Gennine Yahya has lived five minutes down the road from University Hospital her entire life. Her mother, a nurse employee for the U.S. Army Nurse Corps, Yahya grew up around nurses.
So when it came time to go to college and choose a career more than a decade ago, nursing was Yahya’s obvious choice. Still living just five minutes down the road, Yahya chose University Hospital for her clinical rotations. She has since worked in the University Health System for nine years.
A year and a half ago, Yahya was made clinical nursing director at the University Health System – a role she said she was excited to take on, to help lead other nurses. Little did Yahya know she and her nurses were just months away from facing a whole new challenge – the coronavirus pandemic.
A change in pace
The word pivot has meant a lot to different people over the past year, Yahya said. For Yahya and her team, it meant going from treating neurology and oncology patients to facing a global infectious pandemic on the front lines.
“It’s been a bit shocking, right?” Yahya said. “All of a sudden, the patients are more sick. We’re changing [protocols] to make it safer for staff, we are creating more ICU rooms in places that would not typically be ICU rooms, we’re working a lot of extra time. We’re seeing all these travel nurses come in, and it’s high-stress.”
When the first major wave of COVID-19 hospitalizations swept through San Antonio in July, Patient Care Coordinator Marina Saucedo said nurses such as herself trained in other specialties received quick training in order to step up to meet the demands for staff.
“Everyone really stepped up to the challenge,” Saucedo said. “We were slammed with that initial wave [in the summer] and this latest one as well,” she said, referring to the increased COVID-19 hospitalizations and deaths in Bexar County in January. COVID-19 claimed the lives of 500 Bexar County residents in January, accounting for a quarter of all local deaths.
For oncology nurse Hema Chibawe, catching COVID-19 while away visiting family in Zambia last month has helped her understand the isolation and loneliness many of her patients are experiencing as they are isolated and quarantined during their hospital stay.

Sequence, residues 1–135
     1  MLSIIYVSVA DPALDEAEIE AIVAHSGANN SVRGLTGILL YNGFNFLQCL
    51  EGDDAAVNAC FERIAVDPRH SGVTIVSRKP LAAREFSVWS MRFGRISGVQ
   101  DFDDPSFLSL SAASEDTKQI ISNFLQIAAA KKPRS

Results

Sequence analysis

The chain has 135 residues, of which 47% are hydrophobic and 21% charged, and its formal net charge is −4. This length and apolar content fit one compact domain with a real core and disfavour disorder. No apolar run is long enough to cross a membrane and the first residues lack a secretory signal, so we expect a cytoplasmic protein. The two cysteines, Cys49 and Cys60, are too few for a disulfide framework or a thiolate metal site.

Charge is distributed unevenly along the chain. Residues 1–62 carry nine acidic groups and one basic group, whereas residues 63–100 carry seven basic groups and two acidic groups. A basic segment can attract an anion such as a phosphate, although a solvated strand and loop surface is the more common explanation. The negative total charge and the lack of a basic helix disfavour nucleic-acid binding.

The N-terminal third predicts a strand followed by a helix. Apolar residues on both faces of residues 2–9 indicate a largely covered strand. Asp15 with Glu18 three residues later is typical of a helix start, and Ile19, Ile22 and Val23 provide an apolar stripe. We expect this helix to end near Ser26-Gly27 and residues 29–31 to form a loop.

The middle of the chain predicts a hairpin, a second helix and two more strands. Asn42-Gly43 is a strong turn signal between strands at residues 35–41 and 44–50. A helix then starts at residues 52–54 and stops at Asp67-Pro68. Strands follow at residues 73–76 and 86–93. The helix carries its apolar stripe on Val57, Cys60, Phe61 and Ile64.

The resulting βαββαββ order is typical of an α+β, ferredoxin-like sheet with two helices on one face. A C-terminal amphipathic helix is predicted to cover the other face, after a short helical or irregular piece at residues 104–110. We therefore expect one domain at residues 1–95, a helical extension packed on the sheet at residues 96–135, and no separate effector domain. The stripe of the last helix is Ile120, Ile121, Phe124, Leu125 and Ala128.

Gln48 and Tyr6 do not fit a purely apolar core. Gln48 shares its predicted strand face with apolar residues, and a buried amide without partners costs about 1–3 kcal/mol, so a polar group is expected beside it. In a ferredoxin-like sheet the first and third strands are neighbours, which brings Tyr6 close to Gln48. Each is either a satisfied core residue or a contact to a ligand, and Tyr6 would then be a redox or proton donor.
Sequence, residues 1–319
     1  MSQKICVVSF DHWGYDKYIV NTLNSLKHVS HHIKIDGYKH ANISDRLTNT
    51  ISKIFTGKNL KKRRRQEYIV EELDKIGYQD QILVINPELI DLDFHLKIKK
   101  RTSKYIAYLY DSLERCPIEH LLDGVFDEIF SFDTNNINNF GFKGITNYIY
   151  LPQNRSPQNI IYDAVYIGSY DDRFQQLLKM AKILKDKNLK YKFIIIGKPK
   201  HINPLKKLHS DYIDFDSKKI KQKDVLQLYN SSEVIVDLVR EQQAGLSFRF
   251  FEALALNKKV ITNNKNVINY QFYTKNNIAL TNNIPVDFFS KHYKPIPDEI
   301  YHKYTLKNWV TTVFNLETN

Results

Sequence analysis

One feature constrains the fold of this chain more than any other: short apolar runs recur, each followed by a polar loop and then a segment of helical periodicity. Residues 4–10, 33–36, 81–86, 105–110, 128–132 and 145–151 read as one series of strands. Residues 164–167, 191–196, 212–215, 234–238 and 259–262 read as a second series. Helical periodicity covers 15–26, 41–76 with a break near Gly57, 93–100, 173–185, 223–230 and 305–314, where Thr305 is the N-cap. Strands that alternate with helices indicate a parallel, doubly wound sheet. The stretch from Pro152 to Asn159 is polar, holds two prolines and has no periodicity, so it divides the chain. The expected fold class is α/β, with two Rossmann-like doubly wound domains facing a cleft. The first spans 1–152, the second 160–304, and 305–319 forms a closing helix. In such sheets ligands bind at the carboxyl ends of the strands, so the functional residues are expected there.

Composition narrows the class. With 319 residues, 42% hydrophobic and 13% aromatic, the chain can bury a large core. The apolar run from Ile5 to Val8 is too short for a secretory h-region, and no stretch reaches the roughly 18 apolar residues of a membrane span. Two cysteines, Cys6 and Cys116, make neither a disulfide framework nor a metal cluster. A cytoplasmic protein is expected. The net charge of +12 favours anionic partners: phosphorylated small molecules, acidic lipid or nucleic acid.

“Patients can’t have visitors, and the experience [of being alone in the hospital] can be really scary,” Chibawe said. While home in Zambia to mourn her brother’s death, Chibawe started experiencing symptoms and recalls the 10 days alone in self-isolation in her mother’s house as “boring.”
“The internet there is pretty spotty, so I could only use my phone every now and then,” she said. “It’s only my second [week] back to work now.”
The biggest change Chibawe said she’s noticed is the age of her patients. As an adult oncology nurse, Chibawe said she’s used to dealing with older people. Taking care of COVID-19 patients, she’s seen a lot more young patients, she said. “People in their 20s, 30s, 40s, 50s.”
Adapting to the environment
In order to keep up with the amount of incoming COVID-19 patients, University Hospital – like all local hospitals – was required to create “COVID-19 units,” areas COVID-19-positive patients were treated away from any COVID-19-negative patients.
University Hospital Administrator Michael Roussos said this meant using the medicine unit as it was intended, but it also meant changing beds in units around to make room for COVID-19 patients. Rehabilitation beds were transitioned to medical beds, to move out medical patients and expand space for COVID-19 patients, he said.
Also, part of the oncology/neurology unit was transitioned to a COVID-19 unit since this area of the hospital had ICU setups, he explained.